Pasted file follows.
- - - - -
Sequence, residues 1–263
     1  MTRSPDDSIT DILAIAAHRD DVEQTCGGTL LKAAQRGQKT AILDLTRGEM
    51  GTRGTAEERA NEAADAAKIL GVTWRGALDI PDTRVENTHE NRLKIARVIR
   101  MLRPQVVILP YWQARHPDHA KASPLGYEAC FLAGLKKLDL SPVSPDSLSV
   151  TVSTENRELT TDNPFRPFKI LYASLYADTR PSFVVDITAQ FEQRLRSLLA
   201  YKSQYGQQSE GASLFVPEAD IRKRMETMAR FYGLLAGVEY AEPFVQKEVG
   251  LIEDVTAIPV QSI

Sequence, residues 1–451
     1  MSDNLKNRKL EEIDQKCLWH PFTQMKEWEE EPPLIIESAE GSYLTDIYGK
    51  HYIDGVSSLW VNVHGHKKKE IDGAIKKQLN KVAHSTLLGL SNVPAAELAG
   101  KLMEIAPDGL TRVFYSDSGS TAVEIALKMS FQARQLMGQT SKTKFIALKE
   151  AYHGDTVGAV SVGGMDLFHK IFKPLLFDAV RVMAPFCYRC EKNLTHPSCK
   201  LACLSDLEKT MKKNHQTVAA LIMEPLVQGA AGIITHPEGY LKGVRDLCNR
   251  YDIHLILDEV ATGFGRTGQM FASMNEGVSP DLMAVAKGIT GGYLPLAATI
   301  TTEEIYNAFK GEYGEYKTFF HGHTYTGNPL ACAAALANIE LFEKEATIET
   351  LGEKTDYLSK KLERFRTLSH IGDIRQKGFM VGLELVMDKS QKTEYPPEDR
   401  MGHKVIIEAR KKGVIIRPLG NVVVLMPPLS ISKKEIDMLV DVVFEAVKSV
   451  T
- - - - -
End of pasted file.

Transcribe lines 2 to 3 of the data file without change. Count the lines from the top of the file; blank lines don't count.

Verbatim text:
     1  MTRSPDDSIT DILAIAAHRD DVEQTCGGTL LKAAQRGQKT AILDLTRGEM
    51  GTRGTAEERA NEAADAAKIL GVTWRGALDI PDTRVENTHE NRLKIARVIR